What is a Convenience Trust?Share this post
Tell me about a Convenience Trust
A Convenience Trust is a trust that permits the beneficiary to withdraw the assets at any time for any reason without restriction. It gives almost as much control of the inheritance to a beneficiary as an outright distribution. However, it may provide some protections, provided that he or she leaves the assets in the trust, and there is a way for another trustee to take over to protect the trust in the event of an attack by a creditor or predator. This is generally the least protective type of trust.
With this arrangement, the inheritance is distributed to a trust, but the child can withdraw the trust assets at any time and for any reason, just by requesting it. There may be an independent trustee managing the trust, or the child may be their own trustee or co-trustee. Since no one can force the child to withdraw the income and principal from the trust, the convenience trust offers some creditor protection, and perhaps a mental barrier to withdrawing the trust’s assets, but not much else. This also can act as a separate property trust, so that the child’s spouse cannot access the inheritance.
Important takeaways about convenience trusts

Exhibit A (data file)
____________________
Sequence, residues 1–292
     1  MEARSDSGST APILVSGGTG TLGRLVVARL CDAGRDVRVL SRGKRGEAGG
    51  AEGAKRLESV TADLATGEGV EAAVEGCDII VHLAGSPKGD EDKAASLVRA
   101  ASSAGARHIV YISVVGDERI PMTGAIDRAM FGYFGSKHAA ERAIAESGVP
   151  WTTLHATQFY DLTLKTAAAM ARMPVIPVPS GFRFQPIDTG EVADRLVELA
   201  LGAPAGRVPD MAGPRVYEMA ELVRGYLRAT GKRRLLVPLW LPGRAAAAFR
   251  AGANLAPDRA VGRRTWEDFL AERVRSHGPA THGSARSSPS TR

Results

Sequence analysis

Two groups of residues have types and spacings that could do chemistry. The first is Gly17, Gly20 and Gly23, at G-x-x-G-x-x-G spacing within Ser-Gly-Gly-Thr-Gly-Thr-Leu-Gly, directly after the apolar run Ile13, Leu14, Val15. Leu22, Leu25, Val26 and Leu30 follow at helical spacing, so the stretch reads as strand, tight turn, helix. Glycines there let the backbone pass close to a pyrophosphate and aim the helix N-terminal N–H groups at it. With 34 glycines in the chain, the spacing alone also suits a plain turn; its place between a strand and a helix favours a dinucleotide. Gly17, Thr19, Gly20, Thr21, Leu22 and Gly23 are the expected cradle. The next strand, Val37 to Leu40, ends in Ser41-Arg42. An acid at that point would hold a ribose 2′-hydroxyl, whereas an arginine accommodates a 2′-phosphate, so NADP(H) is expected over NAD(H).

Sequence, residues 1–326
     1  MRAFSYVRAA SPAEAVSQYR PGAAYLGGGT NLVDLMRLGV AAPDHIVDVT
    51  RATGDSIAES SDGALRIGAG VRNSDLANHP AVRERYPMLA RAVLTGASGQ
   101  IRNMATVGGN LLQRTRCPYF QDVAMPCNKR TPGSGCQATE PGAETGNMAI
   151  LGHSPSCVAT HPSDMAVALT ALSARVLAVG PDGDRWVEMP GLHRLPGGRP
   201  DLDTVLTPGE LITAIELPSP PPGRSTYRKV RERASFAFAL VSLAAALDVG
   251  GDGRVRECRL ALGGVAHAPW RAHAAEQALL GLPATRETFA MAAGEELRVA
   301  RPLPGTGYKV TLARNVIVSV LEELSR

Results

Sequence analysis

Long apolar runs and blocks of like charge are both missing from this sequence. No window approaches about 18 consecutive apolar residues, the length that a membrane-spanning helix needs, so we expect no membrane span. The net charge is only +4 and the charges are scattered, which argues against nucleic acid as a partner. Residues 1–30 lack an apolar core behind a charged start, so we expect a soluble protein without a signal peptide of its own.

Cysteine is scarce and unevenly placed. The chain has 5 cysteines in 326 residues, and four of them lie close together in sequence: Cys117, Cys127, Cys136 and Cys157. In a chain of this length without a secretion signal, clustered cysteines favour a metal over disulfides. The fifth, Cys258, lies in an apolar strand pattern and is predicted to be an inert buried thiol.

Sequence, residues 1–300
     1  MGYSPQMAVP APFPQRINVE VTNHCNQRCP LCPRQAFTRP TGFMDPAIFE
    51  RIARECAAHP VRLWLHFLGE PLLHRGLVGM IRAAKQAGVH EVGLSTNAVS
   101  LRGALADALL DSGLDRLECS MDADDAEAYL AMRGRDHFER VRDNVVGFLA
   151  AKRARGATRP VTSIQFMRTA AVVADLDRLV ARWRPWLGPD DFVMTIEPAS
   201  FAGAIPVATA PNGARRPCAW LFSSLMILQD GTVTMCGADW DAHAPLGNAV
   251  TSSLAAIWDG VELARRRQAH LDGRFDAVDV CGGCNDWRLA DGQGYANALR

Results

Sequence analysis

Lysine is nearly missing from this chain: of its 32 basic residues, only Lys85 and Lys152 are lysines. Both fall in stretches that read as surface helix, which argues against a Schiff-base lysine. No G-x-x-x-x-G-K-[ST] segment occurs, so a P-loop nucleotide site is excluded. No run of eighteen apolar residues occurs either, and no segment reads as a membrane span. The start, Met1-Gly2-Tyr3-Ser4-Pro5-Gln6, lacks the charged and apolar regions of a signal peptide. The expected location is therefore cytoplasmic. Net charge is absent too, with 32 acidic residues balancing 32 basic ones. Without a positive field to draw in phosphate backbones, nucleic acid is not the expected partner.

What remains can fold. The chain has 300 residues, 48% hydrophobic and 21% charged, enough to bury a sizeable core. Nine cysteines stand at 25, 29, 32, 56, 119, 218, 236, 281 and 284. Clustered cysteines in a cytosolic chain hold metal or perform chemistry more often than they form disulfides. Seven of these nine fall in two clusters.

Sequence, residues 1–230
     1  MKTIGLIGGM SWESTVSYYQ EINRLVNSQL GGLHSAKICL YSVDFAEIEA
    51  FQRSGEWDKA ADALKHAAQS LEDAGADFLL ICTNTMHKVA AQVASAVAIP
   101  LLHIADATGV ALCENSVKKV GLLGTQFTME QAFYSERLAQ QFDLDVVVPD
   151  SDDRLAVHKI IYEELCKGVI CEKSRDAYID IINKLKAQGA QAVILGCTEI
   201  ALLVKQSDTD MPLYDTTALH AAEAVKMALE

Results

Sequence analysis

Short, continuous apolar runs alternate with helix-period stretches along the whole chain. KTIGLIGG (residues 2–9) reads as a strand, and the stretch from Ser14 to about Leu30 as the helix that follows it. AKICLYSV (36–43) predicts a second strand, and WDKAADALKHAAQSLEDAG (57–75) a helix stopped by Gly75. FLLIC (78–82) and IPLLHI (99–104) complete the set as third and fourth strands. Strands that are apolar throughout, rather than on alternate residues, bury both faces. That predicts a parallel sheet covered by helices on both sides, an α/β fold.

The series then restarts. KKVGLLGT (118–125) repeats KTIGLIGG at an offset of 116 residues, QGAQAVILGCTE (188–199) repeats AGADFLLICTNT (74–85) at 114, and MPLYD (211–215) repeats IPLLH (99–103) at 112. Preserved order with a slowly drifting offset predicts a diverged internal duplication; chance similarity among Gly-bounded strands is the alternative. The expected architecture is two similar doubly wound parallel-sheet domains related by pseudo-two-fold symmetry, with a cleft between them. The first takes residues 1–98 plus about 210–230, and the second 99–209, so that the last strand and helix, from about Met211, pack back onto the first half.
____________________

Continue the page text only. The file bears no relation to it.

- A convenience trust is established to let another person use the funds for the benefit of the owner, such as to pay their bills and run errands.
- Convenience trusts are not joint accounts, and they become part of the owner’s estate when they pass away.
- The co-signer cannot use the funds at all after the person’s passing, even for funeral or estate expenses.
- Only some states have convenience accounts. In others, informal convenience designations will be treated as joint accounts unless the co-signer objects.
Basic Information About Trusts
The most basic type of trust that exists is the revocable trust. That is not to say that revocable trusts cannot be complex. In fact, provisions in revocable trusts can be extremely complex. However, revocable trusts are basic devices because the consequences of setting up revocable trusts are reversible. Aside from the effort and expense to set up a trust in the first place, there is little or no risk in setting up and funding a revocable trust.
Revocable living trusts can be revoked by the grantor at any time. As they can be revoked, they can also be changed, altered or modified by the grantor at any time. As such, the revocable trust is an extremely flexible device. Revocable trusts typically call for their assets to be distributed upon the death of the grantor (or grantors, as is often the case when a married couple creates a joint revocable trust). Due to this feature, the revocable trust is often referred to as a “will substitute.”
It is used as the main estate planning mechanism of a person or couple instead of or in addition to a will. Instead of executing a Will that dictates what will happen to the person’s assets upon death, the trust holds the assets during the person’s lifetime. It provides detailed instructions on how the trust assets will be distributed after death. In this way, it essentially does the same thing as a will.